Dismissal Hymn of St Hilary

Guide of Orthodoxy, teacher of piety and holiness, luminary of the world, God-inspired adornment of Hierarchs, O wise Hilary, by thy teachings thou hast enlightened all, O harp of the Spirit. Intercede with Christ God that our souls be saved.

Kontakion of St Hilary

As first fruits of our nature

Enduring exile for the Faith delivered to the Church of Christ, you withstood the deceit of the Arians, O holy Hierarch Hilary. By your prayers and your teachings, O defender of Orthodoxy and right belief, convert the Western lands and entreat Christ for us, who honour you.


The Holy Martyrs Hermylus and Stratonicus

Saints Hermylus and Stratonicus contested for piety’s sake during the reign of Licinius, in the year 314. Saint Hermylus was a deacon, and Stratonicus was his friend. For his confession of Christ, Hermylus was beaten so fiercely that his whole body was covered with wounds. Stratonicus, seeing him endure this and other torments that left him half dead, wept with grief for his friend. From this he was discovered to be a Christian, and when he had openly professed his Faith and had been beaten, he and Hermylus were cast into the Danube River, receiving the crown of martyrdom.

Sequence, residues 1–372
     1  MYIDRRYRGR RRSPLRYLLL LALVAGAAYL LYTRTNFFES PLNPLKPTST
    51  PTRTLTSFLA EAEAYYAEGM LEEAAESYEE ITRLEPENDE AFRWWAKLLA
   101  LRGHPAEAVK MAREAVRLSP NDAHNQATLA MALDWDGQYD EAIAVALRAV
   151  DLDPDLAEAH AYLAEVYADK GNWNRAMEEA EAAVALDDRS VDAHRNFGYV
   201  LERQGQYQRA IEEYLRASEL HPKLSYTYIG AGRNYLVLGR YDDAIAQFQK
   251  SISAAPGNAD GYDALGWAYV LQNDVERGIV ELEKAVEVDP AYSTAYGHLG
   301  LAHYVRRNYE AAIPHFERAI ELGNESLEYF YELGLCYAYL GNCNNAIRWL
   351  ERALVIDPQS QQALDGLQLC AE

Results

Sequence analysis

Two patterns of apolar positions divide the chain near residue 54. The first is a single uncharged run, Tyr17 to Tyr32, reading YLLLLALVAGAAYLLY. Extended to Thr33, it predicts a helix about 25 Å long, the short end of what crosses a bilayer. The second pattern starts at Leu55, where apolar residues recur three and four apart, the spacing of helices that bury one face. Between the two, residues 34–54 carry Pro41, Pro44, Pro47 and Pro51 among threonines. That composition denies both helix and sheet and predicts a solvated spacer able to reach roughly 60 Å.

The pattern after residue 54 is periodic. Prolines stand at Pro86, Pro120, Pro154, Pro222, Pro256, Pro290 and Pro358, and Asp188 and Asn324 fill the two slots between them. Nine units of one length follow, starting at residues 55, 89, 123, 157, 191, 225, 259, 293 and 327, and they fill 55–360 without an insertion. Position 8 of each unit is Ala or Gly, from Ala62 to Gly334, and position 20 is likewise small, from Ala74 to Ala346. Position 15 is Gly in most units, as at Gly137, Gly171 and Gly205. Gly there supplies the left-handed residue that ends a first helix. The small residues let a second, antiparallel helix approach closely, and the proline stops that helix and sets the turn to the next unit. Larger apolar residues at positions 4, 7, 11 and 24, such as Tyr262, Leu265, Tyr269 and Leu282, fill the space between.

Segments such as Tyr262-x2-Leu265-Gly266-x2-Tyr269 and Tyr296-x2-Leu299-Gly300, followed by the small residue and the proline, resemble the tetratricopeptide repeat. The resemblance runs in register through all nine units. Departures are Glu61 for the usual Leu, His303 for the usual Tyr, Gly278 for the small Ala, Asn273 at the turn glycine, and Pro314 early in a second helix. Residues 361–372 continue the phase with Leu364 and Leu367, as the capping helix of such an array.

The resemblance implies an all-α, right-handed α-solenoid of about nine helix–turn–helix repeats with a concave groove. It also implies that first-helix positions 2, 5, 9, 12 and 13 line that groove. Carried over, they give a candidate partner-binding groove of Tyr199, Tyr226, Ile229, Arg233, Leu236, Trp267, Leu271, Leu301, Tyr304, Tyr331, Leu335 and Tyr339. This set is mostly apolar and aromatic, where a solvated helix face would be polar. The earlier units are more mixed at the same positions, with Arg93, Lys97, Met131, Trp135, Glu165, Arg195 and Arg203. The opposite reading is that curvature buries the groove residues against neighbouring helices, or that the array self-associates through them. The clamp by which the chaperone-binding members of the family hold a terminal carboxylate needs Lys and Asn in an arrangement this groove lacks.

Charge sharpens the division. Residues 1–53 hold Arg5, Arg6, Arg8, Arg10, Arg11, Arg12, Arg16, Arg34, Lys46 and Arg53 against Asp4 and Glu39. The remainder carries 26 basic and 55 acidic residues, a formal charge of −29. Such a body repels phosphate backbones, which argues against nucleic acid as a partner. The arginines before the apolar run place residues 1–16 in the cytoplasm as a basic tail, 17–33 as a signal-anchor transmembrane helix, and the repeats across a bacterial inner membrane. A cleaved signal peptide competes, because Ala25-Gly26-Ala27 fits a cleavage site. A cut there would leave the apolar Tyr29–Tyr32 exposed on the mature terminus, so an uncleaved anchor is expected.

Apolytikion of The Holy Martyrs Hermylus and Stratonicus in the Fourth Tone

Thy Martyrs, O Lord, in their courageous contest for Thee received as the prize the crowns of incorruption and life from Thee, our immortal God. For since they possessed Thy strength, they cast down the tyrants and wholly destroyed the demons’ strengthless presumption. O Christ God, by their prayers, save our souls, since Thou art merciful.

Kontakion of The Holy Martyrs Hermylus and Stratonicus in the Second Tone

Ye fled from the world’s * confusion and wild turbulence * and passed over to * a state of great tranquility, * crowned with blood of martyrdom and the pains of valiant ascetic deeds. * Hence, ye dwell together with all * the Martyrs and righteous Fathers in the heights.


The Afterfeast of the Theophany of Our Lord and Saviour Jesus Christ

Apolytikion of Theophany Afterfeast in the First Tone

Lord, when You were baptized in the Jordan, the veneration of the Trinity was revealed. For the voice of the Father gave witness to You, calling You Beloved, and the Spirit, in the guise of a dove, confirmed the certainty of His words. Glory to You, Christ our God, who appeared and enlightened the world.

Kontakion of Theophany Afterfeast in the Fourth Tone

You appeared to the world today, and Your light, O Lord, has left its mark upon us. With fuller understanding we sing to You: “You came, You were made manifest, the unapproachable light.”

We Also Celebrate Today:

  • Synaxis of the Most Holy Theotokos – Mediatress
  • Kentigern, Bishop of Glasgow
  • Maximos the Righteous of Kapsokalyvia, Mount Athos